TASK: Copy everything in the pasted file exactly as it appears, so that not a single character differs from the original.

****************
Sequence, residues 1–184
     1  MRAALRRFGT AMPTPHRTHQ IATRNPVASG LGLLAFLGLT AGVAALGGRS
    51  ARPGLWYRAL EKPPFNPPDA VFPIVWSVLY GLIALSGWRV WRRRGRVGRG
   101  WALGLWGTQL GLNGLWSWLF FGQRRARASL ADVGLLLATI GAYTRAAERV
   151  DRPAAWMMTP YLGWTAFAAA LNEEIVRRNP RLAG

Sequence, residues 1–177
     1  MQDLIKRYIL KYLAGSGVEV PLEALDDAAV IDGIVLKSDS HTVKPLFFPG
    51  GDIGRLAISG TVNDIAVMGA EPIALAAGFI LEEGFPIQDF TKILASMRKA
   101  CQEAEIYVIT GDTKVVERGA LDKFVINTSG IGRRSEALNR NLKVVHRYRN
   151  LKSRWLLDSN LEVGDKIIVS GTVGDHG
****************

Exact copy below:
Sequence, residues 1–184
     1  MRAALRRFGT AMPTPHRTHQ IATRNPVASG LGLLAFLGLT AGVAALGGRS
    51  ARPGLWYRAL EKPPFNPPDA VFPIVWSVLY GLIALSGWRV WRRRGRVGRG
   101  WALGLWGTQL GLNGLWSWLF FGQRRARASL ADVGLLLATI GAYTRAAERV
   151  DRPAAWMMTP YLGWTAFAAA LNEEIVRRNP RLAG

Sequence, residues 1–177
     1  MQDLIKRYIL KYLAGSGVEV PLEALDDAAV IDGIVLKSDS HTVKPLFFPG
    51  GDIGRLAISG TVNDIAVMGA EPIALAAGFI LEEGFPIQDF TKILASMRKA
   101  CQEAEIYVIT GDTKVVERGA LDKFVINTSG IGRRSEALNR NLKVVHRYRN
   151  LKSRWLLDSN LEVGDKIIVS GTVGDHG